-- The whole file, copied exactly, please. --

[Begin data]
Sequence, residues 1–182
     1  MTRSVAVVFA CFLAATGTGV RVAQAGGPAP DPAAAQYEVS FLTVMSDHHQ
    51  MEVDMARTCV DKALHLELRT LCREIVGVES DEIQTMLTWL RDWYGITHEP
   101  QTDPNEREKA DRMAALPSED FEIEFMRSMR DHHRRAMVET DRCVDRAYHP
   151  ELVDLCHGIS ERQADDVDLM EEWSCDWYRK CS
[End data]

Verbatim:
Sequence, residues 1–182
     1  MTRSVAVVFA CFLAATGTGV RVAQAGGPAP DPAAAQYEVS FLTVMSDHHQ
    51  MEVDMARTCV DKALHLELRT LCREIVGVES DEIQTMLTWL RDWYGITHEP
   101  QTDPNEREKA DRMAALPSED FEIEFMRSMR DHHRRAMVET DRCVDRAYHP
   151  ELVDLCHGIS ERQADDVDLM EEWSCDWYRK CS